But we did a lot of little details, like the 9/11 posters on the wall, and generic artwork that showed subdued colors in a subdued palette. I really enjoyed doing Sister Mary’s office, because it was the one place where we took all the color away, and it was just grays, whites, and browns. It was really beautiful and fun to play with that room.
Where did you look when it came to set-dressing materials?
The nice thing about shooting in LA for a good portion of it is that we had access to all the prop houses. We also went to church supply stores for a lot of things. There’s this scene in the church where they’re in the vestibule laying on their back, eating the wafers. Once we found the wafers, we went to this huge Catholic supply store in downtown LA, because it taught us a lot about what the thought process is for the trinkets in the Catholic world—what is out there, and where you go for that.
The thing about making a film now is, you have to get clearance on everything. All the religious imagery, anything we put on the wall had to be cleared, so when you do something like Lady Bird’s room, you’ve really got to be careful. We went through a bunch of cleared art prop houses for some of that. We also did clear a few CD covers, because that was one of the cheaper things that we could clear.
Her room, it’s interesting. We felt like we hadn’t filled it up enough, even the day before we started shooting. So I just went to this place downtown in the warehouse district of LA called Moskatels and bought all the little stickers, and all the little things you saw. We spent $400 on little stickers, and made the room three times as full as it was before. You just have to be resourceful on a feature with this kind of budget.
The entire film was shot on location. Did that ever present logistical challenges, in terms of the space you had to work with?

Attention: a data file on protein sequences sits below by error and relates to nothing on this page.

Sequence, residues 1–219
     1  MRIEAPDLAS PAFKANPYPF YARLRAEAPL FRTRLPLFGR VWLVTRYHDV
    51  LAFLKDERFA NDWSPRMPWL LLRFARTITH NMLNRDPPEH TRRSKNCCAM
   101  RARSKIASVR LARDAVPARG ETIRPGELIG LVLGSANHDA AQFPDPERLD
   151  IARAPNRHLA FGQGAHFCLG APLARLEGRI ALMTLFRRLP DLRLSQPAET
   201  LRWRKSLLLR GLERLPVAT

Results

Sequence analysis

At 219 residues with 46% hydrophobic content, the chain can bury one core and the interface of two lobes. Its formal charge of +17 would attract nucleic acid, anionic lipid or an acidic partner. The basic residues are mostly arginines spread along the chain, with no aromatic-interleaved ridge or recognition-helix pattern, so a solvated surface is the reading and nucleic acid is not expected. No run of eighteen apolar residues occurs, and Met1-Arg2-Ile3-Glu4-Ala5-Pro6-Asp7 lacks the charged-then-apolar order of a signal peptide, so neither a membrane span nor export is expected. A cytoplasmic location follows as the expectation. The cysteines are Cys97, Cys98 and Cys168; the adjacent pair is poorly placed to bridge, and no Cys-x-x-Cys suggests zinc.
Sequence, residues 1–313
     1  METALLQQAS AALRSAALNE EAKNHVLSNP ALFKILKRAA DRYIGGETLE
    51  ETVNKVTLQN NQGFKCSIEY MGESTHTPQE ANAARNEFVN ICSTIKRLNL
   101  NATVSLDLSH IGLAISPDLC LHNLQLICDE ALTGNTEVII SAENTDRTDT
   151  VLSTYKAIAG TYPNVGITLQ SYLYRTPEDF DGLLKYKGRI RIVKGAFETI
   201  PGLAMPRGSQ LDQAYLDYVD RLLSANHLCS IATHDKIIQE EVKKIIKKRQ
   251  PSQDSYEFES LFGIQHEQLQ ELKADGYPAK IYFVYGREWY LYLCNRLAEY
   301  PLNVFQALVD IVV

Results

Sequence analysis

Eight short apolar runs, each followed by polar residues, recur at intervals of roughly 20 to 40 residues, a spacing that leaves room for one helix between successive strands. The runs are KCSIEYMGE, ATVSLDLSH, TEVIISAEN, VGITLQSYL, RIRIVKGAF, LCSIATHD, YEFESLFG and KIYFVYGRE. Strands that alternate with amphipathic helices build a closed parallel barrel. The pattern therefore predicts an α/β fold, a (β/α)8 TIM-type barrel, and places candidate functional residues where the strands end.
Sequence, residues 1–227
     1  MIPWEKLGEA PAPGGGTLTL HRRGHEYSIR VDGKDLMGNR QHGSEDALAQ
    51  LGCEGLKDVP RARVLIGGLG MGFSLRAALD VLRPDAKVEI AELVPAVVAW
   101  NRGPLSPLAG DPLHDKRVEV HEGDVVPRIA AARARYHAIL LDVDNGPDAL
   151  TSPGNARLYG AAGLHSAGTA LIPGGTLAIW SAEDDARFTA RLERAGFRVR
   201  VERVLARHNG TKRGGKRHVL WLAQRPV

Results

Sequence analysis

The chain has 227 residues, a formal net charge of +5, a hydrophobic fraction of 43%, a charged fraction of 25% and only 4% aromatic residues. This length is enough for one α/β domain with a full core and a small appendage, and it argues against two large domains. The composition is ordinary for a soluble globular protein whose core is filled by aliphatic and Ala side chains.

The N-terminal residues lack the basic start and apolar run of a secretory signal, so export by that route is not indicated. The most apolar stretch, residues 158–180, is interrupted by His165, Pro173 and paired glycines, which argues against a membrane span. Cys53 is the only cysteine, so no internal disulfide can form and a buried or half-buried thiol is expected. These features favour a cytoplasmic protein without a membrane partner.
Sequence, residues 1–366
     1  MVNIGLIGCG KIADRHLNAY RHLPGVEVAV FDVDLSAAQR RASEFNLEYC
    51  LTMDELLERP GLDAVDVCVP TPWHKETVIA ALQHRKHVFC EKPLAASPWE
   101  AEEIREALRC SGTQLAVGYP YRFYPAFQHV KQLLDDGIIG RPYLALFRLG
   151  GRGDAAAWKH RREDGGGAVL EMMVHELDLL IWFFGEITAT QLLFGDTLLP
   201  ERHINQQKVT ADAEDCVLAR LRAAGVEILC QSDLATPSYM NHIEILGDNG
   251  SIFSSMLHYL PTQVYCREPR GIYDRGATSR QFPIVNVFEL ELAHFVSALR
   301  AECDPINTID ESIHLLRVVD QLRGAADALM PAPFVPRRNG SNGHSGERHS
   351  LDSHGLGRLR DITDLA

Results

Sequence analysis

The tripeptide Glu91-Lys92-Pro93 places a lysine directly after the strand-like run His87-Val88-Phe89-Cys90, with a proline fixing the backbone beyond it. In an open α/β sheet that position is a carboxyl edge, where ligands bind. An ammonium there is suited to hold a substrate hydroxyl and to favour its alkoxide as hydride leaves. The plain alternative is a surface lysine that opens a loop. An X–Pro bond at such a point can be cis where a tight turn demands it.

Working in the house was tight. Everyone was crammed in this small, square footage house. Fortunately, that house had a back area, which actually ended up being the dorm rooms for when she goes to New York. The whole yard was taken over by the film shoot for a week and a half. But you find yourself putting the camera outside a window so you can get further back than you would in the corner of the room.
What’s interesting too, is you’ve only got the resources to do certain things. We wanted to get far enough back to see the homecoming scene, but there are times when you don’t have the extras, nor do you have the money to dress up the whole world. So in those cases, we actually did the reverse. We had to kind of creep in and be a little tighter, because we didn’t have enough to make it feel like a full scene.
Prom was a full-on banquet hall over by Van Nuys Airport. We really dressed the heck out of it, but we ended up cutting the banquet room in half because we couldn’t really make it work with the amount of people that we could afford to have that day.
So it’s funny—you do both things. You compress space, and you have a hard time working in the space.